Sedimentary source material:Before you can make a sedimentary rock, you must create sediment from preexisting rocks through weathering.
Weathering: The process by which rocks and minerals at the Earth's surface are physically and chemically broken down. All weathering involves the rock's reduction into smaller (sometimes molecule-sized) pieces.
Erosion: What weathering is not - the physical removal of the weathered material.
Weathering is typically a combination of both chemical and mechanical processes:
- Mechanical weathering - The processes by which rock is mechanically broken into smaller pieces.
- Chemical weathering - the process whereby rock materials are decomposed by chemical alteration of the parent material.
This occurs through a distinct sequence of events. First, joints form in rocks at or near Earth's surface. Then, those joints are enlarged by a set of secondary processes.
Sources of jointing include:
- Columnar jointing: intersecting vertical joints common in sills and lava flows, giving rocks a columnar appearance.
Sideling Hill, MD
- Jointing along bedding planes - common in sedimentary rocks.
- Stress release: Joints originally form when decompression causes rocks to crack. This typically occurs as the forces of erosion remove the rock's overburden. "Exploding rocks" in deep mineshafts are also fracturing as a result of uneven stress release.
Yosemite National Park, CA
- Stress release leads to exfoliation - the spalling off of sheets of rock from the outer surface of parent rock. Structureless rocks like granite and other intrusive rocks tend to experience spheroidal weathering - weather into characteristic rounded shapes through this process.
- Insolation: The result of differential thermal expansion and contraction. (We often experience something similar but more extreme when rocks "explode" in a campfire.) Common in regions with high daily temperature fluctuations such as deserts.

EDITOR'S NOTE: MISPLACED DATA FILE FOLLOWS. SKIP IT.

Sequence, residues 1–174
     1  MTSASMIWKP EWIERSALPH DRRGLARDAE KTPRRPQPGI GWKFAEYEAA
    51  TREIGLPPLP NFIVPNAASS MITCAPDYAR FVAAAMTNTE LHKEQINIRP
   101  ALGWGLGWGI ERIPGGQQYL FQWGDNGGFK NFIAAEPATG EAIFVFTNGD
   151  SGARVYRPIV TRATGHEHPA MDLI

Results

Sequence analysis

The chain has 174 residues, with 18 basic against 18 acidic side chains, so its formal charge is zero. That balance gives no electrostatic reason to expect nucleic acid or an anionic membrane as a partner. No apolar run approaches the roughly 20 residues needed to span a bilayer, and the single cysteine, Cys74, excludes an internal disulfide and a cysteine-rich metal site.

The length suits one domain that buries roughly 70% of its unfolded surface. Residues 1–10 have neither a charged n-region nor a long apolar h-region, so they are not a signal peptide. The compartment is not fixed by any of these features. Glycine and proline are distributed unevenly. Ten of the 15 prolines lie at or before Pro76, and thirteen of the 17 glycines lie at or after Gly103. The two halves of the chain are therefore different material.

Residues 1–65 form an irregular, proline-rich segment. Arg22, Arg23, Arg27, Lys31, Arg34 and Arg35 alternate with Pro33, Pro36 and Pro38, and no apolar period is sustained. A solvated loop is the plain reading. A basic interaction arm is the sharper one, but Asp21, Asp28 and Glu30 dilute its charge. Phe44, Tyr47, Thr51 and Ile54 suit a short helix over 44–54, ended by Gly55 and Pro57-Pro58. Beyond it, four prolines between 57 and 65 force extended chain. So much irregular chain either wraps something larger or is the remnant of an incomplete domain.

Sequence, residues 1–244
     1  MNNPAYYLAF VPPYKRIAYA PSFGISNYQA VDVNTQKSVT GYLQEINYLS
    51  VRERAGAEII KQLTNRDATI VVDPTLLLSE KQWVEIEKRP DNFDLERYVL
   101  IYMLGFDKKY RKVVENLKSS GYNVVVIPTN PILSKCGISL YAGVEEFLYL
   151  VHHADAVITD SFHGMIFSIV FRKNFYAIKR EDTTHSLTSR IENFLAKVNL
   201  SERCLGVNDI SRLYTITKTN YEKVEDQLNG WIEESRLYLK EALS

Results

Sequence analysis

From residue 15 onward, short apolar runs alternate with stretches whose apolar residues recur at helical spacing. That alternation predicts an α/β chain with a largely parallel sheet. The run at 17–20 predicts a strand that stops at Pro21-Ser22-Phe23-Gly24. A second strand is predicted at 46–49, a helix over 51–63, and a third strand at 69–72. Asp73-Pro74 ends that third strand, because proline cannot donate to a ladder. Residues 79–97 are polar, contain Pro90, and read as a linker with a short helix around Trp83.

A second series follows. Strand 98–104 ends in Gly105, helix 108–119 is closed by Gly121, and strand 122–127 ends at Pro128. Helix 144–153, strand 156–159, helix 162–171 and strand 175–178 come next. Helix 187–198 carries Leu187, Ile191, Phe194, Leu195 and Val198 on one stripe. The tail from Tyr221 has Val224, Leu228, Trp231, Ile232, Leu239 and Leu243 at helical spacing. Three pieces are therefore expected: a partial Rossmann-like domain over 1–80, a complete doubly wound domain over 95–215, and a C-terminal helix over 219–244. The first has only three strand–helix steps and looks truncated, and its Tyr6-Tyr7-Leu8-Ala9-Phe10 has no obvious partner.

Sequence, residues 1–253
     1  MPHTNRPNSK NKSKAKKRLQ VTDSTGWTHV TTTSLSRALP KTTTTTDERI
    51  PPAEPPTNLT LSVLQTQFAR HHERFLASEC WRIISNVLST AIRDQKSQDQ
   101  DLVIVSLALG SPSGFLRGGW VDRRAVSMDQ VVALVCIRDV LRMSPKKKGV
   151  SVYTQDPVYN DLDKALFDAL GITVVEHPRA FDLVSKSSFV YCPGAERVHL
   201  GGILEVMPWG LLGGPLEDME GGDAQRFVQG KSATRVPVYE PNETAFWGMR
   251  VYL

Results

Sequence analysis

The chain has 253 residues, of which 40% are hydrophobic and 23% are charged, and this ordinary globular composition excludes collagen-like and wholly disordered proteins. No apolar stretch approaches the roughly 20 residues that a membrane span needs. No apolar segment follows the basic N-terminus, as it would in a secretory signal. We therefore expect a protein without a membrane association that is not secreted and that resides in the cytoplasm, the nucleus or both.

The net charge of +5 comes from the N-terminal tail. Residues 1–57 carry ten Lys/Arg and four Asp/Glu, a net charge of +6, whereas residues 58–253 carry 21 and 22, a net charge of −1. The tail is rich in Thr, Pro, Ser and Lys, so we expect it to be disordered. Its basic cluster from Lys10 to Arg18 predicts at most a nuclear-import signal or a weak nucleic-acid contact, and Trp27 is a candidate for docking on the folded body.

Devil's Postpile, CA
Secondary processes: Once the joints are there, they can be enlarged:
- Ice wedging (A.k.a. "Freeze-thaw") Unlike most substances, water expands by 9% - 10% when it freezes. Thus, water that invades joints tends to wedge them when frozen. The process is most active in environments with frequent freeze-thaw cycles, and not present at all in places that are permanently warm or permanently frozen.
Wupatki National Monument, AZ
- Salt wedging - In arid climates, dissolved halite or gypsum precipitates in the small pores and joints between grains, wedging them apart on a small scale, analogously to ice.
- Organismal activity - On both a large and small scale, plants and fungi invade joints and the spaces between grains and wedge them apart. Soil dwelling animals, also. Of course, their biochemistry can directly change pH and the fractures they create provide access to other forms of weathering.
Great Falls of the Potomac - Foliated schist weathers into tabular shapes.
Mossman Gorge, QLD, Australia - Isotropic basalt weathers into spherical boulders.
Of course, the properties of the rock being weathered will strongly influence the character of the weathering:
Kaimu, HI. Now buried under a lava flow.
Mechanisms of chemical weathering: Having said this, lets consider some specific ways in which minerals equilibrate with the environment.
- Simple solution: Contact between soluble minerals (E.G.: halite) and water can result in dissolution. Thus when halite encounters water:
NaCl + H2O --> Na+ + Cl- + H2O
- Hydration. The loss of water from hydrated minerals can effect its mechanical properties and volume. The transition from gypsum to anhydrite, for example:
CaSO4.2H2O --> CaSO4 + 2H2O
Similarly when a non-hydrated mineral accepts water:
Fe2O3(hematite) + 3H2O --> 2Fe(OH)3(limonite)
Hall's Cave, TX
- Hydrolysis - Also, substitution of hydrogen ions in solution in acidic water for cations in solid minerals may radically alter their solubility. E.G.: Recall, most rainwater is slightly acidic because dissolved CO2 interacts with water to form carbonic acid.
CO2 + H2O --> H2CO3 --> H+ + HCO3-